• Claudia Jessie as Eloise Bridgerton
  • Luke Thompson as Benedict Bridgerton
  • Golda Rosheuvel as Queen Charlotte
  • Adjoa Andoh as Lady Danbury
  • Ruth Gemmell as Violet Bridgerton
  • Jonathan Bailey as Anthony Bridgerton
  • Simone Ashley as Kate Sharma
  • Polly Walker as Portia Featherington
  • Julie Andrews as Lady Whistledown
  • Hannah Dodd as Francesca Bridgerton
  • Harriet Cains as Philipa Featherington
  • Bessie Carter as Prudence Featherington
  • Jessica Madsen as Cressida Cowper
  • Florence Hunt as Hyacinth Bridgerton
  • Martins Imhangbe as Will Mondrich
  • Will Tilston as Gregory Bridgerton
  • Hugh Sachs as Brimsley
  • Lorraine Ashbourne as Mrs. Varley
  • Emma Naomi as Alice Mondrich
  • Kathryn Drysdale as Genevieve Delacroix 
  • Daniel Francis as Marcus Anderson
  • James Phoon as Harry Dankworth
  • Sam Phillips as Lord Debling


Who are the casting directors for “Bridgerton”?

Kelly Valentine Hendry was the principal CD for Seasons 1 and 2. Her U.K.-based company, KVH Casting, also assembled the ensembles of “Fleabag,” “The Wheel of Time,” and “Bridgerton” spinoff “Queen Charlotte.” Cole Edwards, who was previously a casting associate on the series, took the reins for Season 3. 

As with other Rhimes series, such as “Grey’s Anatomy” and “How to Get Away With Murder,” the ensemble of “Bridgerton” spans a wide variety of races and ethnicities—something that, even a few years ago, would have been unheard of for a period drama. It’s a conceit that, in a break from Quinn’s novels, is worked into the story itself.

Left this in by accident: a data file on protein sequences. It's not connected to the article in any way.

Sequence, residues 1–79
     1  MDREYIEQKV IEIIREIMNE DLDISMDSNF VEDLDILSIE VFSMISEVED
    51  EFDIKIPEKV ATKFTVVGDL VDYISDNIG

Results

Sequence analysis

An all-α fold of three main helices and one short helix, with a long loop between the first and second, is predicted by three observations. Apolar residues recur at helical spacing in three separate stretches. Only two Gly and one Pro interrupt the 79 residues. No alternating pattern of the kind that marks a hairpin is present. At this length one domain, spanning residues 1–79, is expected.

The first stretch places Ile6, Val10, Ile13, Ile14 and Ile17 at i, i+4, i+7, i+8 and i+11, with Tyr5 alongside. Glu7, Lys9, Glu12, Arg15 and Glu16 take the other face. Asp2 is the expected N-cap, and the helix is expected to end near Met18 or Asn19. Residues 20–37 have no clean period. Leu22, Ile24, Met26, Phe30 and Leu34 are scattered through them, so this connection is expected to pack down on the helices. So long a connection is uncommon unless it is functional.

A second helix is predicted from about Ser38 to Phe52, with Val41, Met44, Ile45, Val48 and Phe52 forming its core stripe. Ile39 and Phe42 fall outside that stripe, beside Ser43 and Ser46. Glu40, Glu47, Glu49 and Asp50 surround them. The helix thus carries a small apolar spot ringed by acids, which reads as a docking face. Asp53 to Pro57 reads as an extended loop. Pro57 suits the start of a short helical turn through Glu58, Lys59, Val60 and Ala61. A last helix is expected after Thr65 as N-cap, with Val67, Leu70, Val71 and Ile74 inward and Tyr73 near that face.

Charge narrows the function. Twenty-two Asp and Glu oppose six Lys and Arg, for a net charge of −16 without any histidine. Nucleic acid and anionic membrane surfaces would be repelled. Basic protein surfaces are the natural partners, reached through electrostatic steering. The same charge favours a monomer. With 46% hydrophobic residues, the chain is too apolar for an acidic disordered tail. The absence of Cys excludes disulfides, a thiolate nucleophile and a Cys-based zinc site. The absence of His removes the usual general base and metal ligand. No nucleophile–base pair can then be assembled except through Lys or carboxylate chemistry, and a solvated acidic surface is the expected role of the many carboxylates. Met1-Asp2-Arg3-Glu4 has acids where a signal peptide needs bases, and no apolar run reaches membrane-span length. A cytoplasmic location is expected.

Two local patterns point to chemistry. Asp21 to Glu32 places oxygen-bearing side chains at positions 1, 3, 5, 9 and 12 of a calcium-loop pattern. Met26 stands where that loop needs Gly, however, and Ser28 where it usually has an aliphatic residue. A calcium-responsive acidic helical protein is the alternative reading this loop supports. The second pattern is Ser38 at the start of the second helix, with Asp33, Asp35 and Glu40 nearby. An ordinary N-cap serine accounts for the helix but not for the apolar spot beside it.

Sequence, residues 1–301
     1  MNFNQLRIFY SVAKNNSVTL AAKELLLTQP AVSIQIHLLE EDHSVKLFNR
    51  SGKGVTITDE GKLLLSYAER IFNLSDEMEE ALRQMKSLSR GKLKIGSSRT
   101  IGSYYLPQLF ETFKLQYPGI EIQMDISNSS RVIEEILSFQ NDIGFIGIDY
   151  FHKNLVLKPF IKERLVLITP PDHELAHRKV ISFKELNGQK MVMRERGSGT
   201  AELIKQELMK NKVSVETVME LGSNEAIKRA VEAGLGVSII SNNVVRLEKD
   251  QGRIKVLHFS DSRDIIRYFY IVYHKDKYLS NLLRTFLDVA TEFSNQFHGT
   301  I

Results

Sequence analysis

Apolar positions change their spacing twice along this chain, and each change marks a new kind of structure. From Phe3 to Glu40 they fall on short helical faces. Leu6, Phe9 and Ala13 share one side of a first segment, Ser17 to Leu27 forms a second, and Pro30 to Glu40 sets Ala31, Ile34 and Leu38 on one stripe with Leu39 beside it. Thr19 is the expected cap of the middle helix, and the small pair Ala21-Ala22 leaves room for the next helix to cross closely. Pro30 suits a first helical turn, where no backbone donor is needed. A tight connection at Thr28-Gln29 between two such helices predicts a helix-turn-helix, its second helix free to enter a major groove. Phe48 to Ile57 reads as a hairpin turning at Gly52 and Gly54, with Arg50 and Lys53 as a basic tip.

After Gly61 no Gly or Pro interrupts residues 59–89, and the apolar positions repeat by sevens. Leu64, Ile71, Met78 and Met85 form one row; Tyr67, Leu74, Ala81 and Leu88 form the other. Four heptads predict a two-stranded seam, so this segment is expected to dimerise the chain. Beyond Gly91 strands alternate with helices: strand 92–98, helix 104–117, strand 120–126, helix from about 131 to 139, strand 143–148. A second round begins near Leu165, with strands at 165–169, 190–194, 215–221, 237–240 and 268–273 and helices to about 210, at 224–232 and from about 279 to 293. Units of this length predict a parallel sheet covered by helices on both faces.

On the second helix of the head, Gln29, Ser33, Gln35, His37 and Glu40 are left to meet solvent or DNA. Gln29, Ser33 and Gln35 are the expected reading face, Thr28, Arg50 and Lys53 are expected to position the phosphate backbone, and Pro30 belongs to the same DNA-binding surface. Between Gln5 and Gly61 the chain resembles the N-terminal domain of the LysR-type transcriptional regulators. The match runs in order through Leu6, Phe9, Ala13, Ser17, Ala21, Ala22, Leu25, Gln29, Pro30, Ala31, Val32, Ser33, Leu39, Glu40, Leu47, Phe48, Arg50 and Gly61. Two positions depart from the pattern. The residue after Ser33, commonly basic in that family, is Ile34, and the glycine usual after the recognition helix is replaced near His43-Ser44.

“I’m ashamed to say that the word ‘inclusive’ only started to be used a few years ago in our business,” Hendry told British Vogue. “It was a world of white men making content through their own lenses. It wasn’t until recently that I felt confident enough to challenge the people I answer to.”

Hendry told us that she casts a wide net when looking for new talent. “That doesn’t take away the importance of training and drama schools, but if we are to be inclusive with our casting, we should be allowed to look for talent anywhere and everywhere. And we do. I won’t give my secrets away here. What I will say is I snoop around on fan sites a lot and pinch ideas all the time.”

When getting in touch with a CD via email, Hendry recommends using a subject line that’s brief and to the point. “For example, in ‘The Last Kingdom,’ [I told actors if they] happen to be Scandinavian, you put: ‘Scandinavian 6'5" actor re: “The Last Kingdom.” ’ I’m definitely opening that, because I’m running out of big, strapping Vikings! So just be clear in the subject [line], and keep it short, simple, and specific.”